Maple sugar occupies a distinct place in New England lore, a place the artist Eastman Johnson (1824-1906) sought to define and exploit in a series of paintings of sugar making from the early 1860s, when Johnson was becoming one of the most prominent genre painters and portraitists of his time. At the center of these paintings is the "sugaring off," the raucous party celebrating the boiling of the season's first batch of sap. Johnson, who lived in Fryeburg, Maine, as a child, used the sugaring off to explore a range of New England characteristics and types.

Full of nostalgia for traditional values, these paintings celebrate New England ingenuity, ruggedness, independence, and community spirit, offering an important message about the ideals of freedom during the tumult of the Civil War. In addition, the maple sugar series, which includes both large-scale oil sketches and small character studies, reveals the artist's process as he developed his concept. Yet for all his efforts, Johnson never completed a major oil of the sugaring off, and all of the works in the exhibition are experiments for the final painting that he mysteriously never finished.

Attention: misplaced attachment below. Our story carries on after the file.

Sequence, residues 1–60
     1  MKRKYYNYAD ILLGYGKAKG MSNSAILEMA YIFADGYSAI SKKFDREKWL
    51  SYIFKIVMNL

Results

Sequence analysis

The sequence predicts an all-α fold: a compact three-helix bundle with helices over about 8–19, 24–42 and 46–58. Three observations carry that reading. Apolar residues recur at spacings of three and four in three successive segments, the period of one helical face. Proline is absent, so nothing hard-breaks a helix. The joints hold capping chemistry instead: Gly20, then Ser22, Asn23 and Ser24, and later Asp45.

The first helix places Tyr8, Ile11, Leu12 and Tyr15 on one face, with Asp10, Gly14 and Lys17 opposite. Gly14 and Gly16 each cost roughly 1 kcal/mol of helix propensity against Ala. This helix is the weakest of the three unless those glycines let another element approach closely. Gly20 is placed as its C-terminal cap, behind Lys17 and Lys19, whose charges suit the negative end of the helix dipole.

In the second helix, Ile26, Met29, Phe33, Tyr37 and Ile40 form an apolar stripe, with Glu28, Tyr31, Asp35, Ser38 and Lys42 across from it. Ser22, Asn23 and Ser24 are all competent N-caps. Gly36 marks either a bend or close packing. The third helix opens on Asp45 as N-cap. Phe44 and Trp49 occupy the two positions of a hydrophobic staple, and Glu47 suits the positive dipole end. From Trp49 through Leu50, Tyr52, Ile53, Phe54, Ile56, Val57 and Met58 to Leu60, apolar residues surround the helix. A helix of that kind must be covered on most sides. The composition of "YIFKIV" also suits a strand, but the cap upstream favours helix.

Sugaring Off at the Camp, Fryeburg, Maine
c. 1861-85
(Curtis Galleries, Minneapolis)

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